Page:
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SAARC to have strongest possible cooperation against terror
Ajay Kaul and Sagar Kulkarni in Colombo | August 03, 2008 16:57 IST
Last Updated: August 03, 2008 17:20 IST
Recognising the "serious threat" posed by terrorism to the peace and stability of South Asia, the 15th South Asian Association for Regional Cooperation Summit on Sunday in a declaration supported "strongest possible cooperation" against the menace and signed a key agreement in this regard.
Wrapping up the two-day meet, attended by Prime Minister Manmohan Singh [Images] and leaders of other seven member states, the grouping also vowed to collaborate in tackling issues like energy by developing the regional hydro potential, grid connectivity and gas pipelines, as well as food security, climate change and trade barriers as part of an endeavour to prosper as a collective unit.
The summit, which took place in the backdrop of attack on Indian embassy in Kabul and serial blasts in Bengaluru [Images] and Ahmedabad [Images], was dominated by the theme of terrorism, with leaders of all member countries recognising it as a destabilising factor which had to be guarded against.
The meet saw firming up the SAARC Convention on Mutual Legal Assistance in Criminal Matters after hard negotiations in the wake of resistance by Pakistan to the extradition clause.
The convention will provide a legal framework for greater cooperation amongst security forces of member countries to track, arrest and handover of criminals and terrorists on request from any member country.
Appreciating the convention, the leaders noted that the mechanism would provide for the "widest measures of mutual assistance in criminal matters to ensure greater sense of security within the region."
The summit emphasised the need for early ratification and implementation of the convention by the member countries.
The South Asian grouping, comprising India, Pakistan, Bangladesh, Sri Lanka [Images], Afghanistan, Nepal, Bhutan and Maldives [Images], reached the significant agreement amid serious worries about terrorism gaining in intensity and spreading its tentacles in the region.
"The heads of state or government strongly condemned all forms of terrorist violence and expressed deep concern over the serious threat posed by terrorism to the peace, stability and security of the (South Asian) region," said a declaration adopted at the end of the meet.
"They (the leaders) emphasised the need for strongest possible cooperation in the fight against terrorism and transnational organised crime amongst the relevant agencies of the member states, especially in the area of information exchange," it said.
The summit recognised the growing linkages between the phenomenon of terrorism, illegal trafficking in narcotic and psychotropic substances, illegal trafficking of persons and firearms and underscored the need for addressing the problem in a comprehensive manner.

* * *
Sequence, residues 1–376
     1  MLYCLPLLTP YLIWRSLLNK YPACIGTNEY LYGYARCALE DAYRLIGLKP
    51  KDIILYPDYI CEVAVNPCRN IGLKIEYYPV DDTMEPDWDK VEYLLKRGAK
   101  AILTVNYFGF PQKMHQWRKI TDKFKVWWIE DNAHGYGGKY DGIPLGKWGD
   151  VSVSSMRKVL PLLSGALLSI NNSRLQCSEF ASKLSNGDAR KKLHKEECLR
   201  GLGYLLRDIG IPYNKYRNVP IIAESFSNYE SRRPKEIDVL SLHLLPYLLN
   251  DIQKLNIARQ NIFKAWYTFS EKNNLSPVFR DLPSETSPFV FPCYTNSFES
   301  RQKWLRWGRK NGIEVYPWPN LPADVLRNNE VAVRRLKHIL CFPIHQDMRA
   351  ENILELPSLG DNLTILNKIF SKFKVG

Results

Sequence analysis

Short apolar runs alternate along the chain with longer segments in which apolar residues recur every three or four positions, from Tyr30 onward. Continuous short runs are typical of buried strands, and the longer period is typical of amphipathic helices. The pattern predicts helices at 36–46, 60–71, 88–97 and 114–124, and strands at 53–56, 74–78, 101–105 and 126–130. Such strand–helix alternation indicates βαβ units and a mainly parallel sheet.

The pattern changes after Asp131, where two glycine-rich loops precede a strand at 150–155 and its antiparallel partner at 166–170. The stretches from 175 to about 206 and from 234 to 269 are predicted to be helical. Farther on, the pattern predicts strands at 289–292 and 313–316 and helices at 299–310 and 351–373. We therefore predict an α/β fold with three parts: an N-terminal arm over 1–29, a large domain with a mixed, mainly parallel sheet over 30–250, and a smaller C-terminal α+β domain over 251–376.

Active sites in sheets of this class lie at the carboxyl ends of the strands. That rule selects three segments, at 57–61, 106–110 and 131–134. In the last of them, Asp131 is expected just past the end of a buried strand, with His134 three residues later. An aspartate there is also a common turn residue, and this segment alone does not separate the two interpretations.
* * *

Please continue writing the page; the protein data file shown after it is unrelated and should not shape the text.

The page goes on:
The leaders emphasised the need for criminalising any act of provision, collection and acquisition of funds for the purpose of committing terrorist acts in line with the UN Security Council Resolution 1373.
A need for completing all legislative and other relevant measures to implement within member states the provisions of the Regional Convention on Narcotic Drugs and Psychotropic Substances was also underscored.
As part of the effort, they decided to hold the SAARC meeting of Ministers of Interior or Home Affairs later this year in Islamabad [Images].
The leaders also signed a pact for setting up a SAARC Development Fund that would cater to social development and empowerment in the member countries.
The summit also discussed the pressing problem of energy security and agreed on the urgent need for developing regional hydro-power potential, grid connectivity and gas pipelines.
The leaders favoured exploration of possibility of evolving an appropriate regional inter-governmental framework to facilitate such an endeavour.
With regard to the "onslaught" of climate change, the leaders stressed the need for intensification of cooperation within an expanded regional environmental protection framework to address the problem.
Asserting that every citizen of the planet must have equal share of atmospheric space, the SAARC endorsed the convergence of per capita emissions of developing and developed countries on an equitable basis for tackling climate change.
The SAARC leaders were of the view that any effort at addressing climate change should take into account historical responsibility, per capita emissions and respective country capabilities.
On SAFTA, the leaders affirmed their commitment to implement it in letter in spirit to enable the SAARC region emerge as a power house of the world.
Recognising the need for addressing major barriers hindering effective trade liberalization in the region, the leaders pressed for early implementation of the decision to revise the sensitive lists by the SAFTA Ministerial Council.
While revising the sensitive lists, they directed that special consideration be given to the Least Developed Countries.
The leaders directed that the SAFTA Committee of Experts should expeditiously resolve the issue of non-tariff measures and para-tariff measures to facilitate and enhance trade under the regional trade agreement.
They pitched for concrete and early measures to improve trade facilitation in terms of the mutual recognition of standards, the adoption of common tariff nomenclatures and the harmonisation of customs procedures.
An emphasis was laid on development of communication and transit facilities to promote intra-SAARC trade.
This measure has been hampered due to Pakistan's denial to grant transit facilities to Indian goods bound for Afghanistan.
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